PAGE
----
Thursday, March 30, 2017
Ricardo Trotti, executive director of the Inter-American Press Association/Sociedad Interamericana de Prensa since 2014, was a panelist at the "Mobile Media Culture in the Americas: The Digital Divide" conference at Florida International University in Miami on March 23, 2017. Trotti was one of four people who addressed the digital divide in many countries in Latin America and the impact of social media on traditional news coverage.
Thursday, March 9, 2017
Seen through the eyes of small, midsize and large Mexican maize producers, SUNÚ knits together different stories from a threatened rural world. It journeys deep into the heart of a country where people realize their determination to stay free, to work the land and cultivate their seeds, to be true to their cultures and forms of spirituality, all in a modern world that both needs them and despises them. SUNÚ reveals how maize and everything it gives life to could be lost forever, and shares a generous tapestry of simple, heartfelt messages for the farmers of the world and the city dwellers who could lose the capability to make important choices unless they act soon.
On Feb. 24-26, the Student Organization for Latin American Studies (SOLAS), in conjunction with the Latin American and Iberian Institute, hosted their annual Sin Fronteras film festival. The festival, held at the Guild Cinema in Albuquerque, is a student organized free event devoted to films about and from Latin America.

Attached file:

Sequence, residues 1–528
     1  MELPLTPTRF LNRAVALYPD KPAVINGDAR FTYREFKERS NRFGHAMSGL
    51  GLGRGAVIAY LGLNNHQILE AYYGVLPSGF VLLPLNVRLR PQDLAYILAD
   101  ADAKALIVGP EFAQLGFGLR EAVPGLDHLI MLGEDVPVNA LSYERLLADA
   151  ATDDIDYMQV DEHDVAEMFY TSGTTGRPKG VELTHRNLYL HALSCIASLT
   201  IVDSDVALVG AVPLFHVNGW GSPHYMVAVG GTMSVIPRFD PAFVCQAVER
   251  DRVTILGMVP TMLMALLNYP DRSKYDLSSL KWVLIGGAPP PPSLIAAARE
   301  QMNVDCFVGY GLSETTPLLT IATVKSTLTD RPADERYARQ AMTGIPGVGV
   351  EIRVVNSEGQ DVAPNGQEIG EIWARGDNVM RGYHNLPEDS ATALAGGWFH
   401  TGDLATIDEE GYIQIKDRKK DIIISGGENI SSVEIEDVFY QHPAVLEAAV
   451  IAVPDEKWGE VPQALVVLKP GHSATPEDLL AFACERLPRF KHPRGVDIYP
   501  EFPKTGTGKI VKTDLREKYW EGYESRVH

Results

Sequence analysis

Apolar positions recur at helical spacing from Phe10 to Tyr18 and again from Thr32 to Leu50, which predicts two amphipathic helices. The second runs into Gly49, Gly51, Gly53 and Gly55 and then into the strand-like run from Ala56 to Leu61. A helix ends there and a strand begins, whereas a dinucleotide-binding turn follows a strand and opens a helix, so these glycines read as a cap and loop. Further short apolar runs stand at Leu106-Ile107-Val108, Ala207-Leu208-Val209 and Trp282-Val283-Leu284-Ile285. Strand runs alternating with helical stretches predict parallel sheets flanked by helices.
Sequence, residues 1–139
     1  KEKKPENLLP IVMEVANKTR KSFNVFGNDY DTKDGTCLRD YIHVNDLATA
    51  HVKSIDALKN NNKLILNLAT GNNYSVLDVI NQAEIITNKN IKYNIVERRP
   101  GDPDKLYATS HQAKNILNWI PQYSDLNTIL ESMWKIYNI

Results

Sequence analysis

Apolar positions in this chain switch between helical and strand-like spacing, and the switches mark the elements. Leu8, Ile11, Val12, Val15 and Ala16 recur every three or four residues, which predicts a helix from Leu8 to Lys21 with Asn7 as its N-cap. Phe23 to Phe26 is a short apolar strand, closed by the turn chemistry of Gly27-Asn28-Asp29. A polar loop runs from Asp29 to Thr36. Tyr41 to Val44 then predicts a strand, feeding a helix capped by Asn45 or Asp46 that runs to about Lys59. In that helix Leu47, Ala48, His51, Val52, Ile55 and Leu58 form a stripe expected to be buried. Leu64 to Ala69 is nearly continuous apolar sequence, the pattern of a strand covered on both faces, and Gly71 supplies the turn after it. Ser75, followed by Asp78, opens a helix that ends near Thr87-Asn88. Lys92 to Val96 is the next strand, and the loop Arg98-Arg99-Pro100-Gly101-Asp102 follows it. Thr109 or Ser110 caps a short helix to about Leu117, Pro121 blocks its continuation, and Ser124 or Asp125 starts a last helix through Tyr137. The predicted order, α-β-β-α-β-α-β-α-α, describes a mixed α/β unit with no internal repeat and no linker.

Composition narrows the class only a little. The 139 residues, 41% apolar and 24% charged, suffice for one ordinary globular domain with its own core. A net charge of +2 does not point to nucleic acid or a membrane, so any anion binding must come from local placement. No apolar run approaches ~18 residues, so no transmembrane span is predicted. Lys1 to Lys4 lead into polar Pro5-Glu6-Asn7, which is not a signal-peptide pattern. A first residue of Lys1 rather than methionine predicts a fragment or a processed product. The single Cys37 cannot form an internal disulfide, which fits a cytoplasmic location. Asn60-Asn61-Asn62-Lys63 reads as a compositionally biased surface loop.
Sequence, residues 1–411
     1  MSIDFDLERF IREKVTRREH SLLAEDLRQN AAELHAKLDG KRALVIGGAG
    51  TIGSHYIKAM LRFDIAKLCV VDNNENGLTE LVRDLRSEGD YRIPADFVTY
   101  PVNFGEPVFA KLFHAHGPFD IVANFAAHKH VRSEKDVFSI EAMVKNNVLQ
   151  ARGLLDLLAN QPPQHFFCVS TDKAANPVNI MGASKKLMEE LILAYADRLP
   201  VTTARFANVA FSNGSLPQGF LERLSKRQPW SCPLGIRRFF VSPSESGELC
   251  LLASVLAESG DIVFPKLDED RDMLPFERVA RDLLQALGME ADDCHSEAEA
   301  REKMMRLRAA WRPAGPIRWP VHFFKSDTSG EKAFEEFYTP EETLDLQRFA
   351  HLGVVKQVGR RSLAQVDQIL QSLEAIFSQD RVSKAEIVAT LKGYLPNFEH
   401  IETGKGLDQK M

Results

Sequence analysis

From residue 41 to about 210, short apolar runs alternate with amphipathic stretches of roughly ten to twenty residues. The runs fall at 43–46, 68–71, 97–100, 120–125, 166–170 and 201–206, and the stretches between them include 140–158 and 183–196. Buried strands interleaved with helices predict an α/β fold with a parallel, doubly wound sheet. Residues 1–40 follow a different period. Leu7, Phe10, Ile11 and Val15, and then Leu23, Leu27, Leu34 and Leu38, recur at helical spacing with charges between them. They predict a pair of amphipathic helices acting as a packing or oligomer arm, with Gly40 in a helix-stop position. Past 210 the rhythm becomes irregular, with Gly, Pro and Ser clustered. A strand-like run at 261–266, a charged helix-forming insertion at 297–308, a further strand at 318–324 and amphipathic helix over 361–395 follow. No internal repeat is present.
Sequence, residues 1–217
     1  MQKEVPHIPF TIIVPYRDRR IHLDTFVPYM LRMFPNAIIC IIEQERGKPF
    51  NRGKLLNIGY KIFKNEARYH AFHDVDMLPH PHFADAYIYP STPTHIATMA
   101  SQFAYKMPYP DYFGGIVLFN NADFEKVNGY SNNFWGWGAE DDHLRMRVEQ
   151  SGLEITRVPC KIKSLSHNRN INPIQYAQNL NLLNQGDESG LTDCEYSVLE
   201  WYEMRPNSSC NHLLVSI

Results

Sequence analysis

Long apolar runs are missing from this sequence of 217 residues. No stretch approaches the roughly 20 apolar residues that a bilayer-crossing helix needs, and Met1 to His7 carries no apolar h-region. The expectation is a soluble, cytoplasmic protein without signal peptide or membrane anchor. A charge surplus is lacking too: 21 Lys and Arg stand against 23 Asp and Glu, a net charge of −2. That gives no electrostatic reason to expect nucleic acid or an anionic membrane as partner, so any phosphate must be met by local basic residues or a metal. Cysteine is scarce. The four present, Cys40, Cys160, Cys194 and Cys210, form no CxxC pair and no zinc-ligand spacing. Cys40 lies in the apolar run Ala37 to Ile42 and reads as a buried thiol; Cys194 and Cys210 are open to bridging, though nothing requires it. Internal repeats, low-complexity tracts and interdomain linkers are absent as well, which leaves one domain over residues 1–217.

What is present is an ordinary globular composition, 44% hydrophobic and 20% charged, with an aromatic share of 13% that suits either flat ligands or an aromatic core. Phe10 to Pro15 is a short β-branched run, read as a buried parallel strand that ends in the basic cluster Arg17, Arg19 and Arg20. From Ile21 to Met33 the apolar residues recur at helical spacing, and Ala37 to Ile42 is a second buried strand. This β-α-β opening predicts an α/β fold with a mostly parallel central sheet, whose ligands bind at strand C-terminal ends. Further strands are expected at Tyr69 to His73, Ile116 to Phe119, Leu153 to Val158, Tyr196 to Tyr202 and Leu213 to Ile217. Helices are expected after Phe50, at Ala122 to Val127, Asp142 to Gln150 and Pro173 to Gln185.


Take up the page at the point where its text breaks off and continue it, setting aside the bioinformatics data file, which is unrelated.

This year, SOLAS was fortunate to show Sunú, and to host the director, Teresa Camou Guerrero, who answered questions after the screening. While I was unable to attend all of the films shown over the weekend, Sunú spoke to me as its agricultural and smallholder focus is very much in-line with my own research interests.
As a member of SOLAS, I arrived early to help set up and was able to meet Teresa beforehand. Visiting from her home in Mexico City, Teresa was just beginning a film screening tour that brought her to Albuquerque and Santa Fe and will eventually take her throughout California.